Impact of vascular diseases on the progression of mild cognitive impairment to Alzheimer’s disease
1 Department of Neurology, Central Clinical Hospital of the Ministry of Interior, Warsaw, Poland
2 Department of Radiology, Central Clinical Hospital of the Ministry of Interior, Warsaw, Poland
3 Department of Neurodegenerative Disorders, Mossakowski Medical Research Centre, Polish Academy of Sciences, Warsaw, Poland
Correspondence: Marta Nesteruk, Department of Neurology, Central Clinical Hospital of the Ministry of Interior, Wołoska 137, 02-507 Warsaw, Poland, tel.: +48 22 508 18 60, e-mail: msuchcicka@gmail.com
Aktualn Neurol 2015, 15 (1), p. 18–21
DOI: 10.15557/AN.2015.0003
ABSTRACT

Introduction: Mild cognitive impairment does not meet the criteria for the diagnosis of dementia, but reaching this diagnosis raises concern about the future state of a patient due to the possibility of the conversion to Alzheimer’s disease. Although the aetiology of Alzheimer’s disease is neurodegenerative, the impact of vascular diseases is also taken into consideration. The aim of this study was to assess the impact of vascular diseases in patients diagnosed with mild cognitive impairment on the conversion to Alzheimer’s disease. Material and methods: In each of 101 patients with a diagnosis of mild cognitive impairment, a detailed medical history was taken, taking into account: hypertension, ischaemic heart disease, arrhythmias, myocardial infarction, stroke, diabetes as well as thyroid diseases, head injuries, alcohol abuse, smoking, exposure to toxic substances, surgery under general anaesthesia and the family character of dementia. Clinical follow-ups were scheduled after 6, 12 and 24 months. Results: Amongst 101 patients with mild cognitive impairment, 17 (16.8%) converted to Alzheimer’s disease within two years of observation. The analysis of the distribution of independence tests showed that the conversion is significant for two variables: ischaemic heart disease and myocardial infarction.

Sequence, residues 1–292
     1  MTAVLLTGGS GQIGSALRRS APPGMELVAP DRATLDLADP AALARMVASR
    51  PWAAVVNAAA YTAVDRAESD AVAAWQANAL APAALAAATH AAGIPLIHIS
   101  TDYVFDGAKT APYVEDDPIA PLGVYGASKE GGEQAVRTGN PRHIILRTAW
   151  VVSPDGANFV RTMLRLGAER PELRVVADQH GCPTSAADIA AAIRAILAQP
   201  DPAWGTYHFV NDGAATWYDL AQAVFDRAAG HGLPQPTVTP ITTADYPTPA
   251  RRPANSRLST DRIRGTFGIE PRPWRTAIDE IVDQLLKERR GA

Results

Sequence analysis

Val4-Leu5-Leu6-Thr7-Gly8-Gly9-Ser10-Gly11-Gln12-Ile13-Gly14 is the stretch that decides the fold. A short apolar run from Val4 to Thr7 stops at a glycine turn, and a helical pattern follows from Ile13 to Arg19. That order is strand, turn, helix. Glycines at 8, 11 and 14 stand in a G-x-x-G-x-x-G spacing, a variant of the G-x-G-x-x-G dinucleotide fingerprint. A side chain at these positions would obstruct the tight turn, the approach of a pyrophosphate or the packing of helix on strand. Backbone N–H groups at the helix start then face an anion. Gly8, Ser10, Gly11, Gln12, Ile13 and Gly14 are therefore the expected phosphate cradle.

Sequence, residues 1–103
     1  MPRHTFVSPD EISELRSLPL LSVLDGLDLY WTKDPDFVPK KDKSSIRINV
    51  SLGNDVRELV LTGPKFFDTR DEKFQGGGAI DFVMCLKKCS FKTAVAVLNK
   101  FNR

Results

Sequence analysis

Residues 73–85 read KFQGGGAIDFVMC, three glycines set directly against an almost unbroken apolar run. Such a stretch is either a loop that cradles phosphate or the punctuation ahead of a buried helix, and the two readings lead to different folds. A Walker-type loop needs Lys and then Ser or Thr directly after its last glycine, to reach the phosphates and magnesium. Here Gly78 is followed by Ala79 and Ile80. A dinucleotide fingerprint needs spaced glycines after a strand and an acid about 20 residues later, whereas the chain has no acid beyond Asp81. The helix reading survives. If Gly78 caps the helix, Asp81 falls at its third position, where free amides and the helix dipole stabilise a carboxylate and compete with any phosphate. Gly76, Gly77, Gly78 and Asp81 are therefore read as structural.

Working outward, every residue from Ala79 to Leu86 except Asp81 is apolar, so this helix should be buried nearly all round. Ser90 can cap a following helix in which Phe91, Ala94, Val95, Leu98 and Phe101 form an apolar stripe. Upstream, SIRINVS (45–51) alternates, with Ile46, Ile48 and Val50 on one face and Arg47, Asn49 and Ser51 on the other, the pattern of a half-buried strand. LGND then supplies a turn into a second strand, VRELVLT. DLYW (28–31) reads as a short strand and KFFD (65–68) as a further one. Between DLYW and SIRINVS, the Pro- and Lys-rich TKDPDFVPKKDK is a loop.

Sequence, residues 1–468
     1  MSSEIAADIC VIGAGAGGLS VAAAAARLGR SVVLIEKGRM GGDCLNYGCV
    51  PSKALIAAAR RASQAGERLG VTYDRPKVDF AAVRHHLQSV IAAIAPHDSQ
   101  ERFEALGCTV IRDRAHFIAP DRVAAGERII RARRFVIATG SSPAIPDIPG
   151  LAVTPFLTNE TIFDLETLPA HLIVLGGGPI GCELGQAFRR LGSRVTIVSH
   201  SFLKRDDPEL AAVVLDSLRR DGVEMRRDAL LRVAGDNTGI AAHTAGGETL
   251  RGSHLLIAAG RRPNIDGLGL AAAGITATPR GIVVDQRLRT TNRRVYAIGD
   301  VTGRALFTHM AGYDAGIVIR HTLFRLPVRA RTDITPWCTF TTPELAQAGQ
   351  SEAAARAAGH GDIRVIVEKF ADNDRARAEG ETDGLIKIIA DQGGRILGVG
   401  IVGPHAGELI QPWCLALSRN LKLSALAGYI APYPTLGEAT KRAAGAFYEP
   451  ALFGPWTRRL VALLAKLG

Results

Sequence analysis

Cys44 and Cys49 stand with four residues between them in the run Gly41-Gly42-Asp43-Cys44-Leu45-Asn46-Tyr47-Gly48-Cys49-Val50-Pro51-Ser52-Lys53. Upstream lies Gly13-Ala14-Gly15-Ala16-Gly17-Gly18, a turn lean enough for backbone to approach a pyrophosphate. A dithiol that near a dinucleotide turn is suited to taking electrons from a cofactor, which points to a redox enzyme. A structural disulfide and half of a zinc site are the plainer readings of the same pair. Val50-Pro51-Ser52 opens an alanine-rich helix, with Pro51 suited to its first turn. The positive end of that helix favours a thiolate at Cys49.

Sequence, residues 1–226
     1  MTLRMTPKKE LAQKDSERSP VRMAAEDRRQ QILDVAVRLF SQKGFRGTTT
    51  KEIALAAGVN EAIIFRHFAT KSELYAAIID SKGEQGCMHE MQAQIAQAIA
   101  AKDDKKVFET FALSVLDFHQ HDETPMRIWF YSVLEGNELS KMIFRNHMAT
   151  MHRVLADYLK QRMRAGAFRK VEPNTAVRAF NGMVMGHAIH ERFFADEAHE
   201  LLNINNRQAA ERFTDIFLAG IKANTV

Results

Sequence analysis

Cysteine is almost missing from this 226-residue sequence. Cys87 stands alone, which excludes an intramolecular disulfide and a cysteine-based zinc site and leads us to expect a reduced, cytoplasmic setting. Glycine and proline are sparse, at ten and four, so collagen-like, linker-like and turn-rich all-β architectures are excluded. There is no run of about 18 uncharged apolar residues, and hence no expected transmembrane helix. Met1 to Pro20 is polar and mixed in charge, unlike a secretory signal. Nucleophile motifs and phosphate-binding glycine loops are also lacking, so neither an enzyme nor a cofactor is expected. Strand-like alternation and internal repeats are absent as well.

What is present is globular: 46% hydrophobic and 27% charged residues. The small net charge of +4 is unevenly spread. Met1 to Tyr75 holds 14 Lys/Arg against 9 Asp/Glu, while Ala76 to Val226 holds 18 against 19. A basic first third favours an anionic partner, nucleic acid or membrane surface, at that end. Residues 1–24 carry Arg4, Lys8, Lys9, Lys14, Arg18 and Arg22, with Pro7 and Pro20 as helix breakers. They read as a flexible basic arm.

Keywords: mild cognitive impairment, conversion, Alzheimer’s disease, myocardial infarction, ischaemic heart disease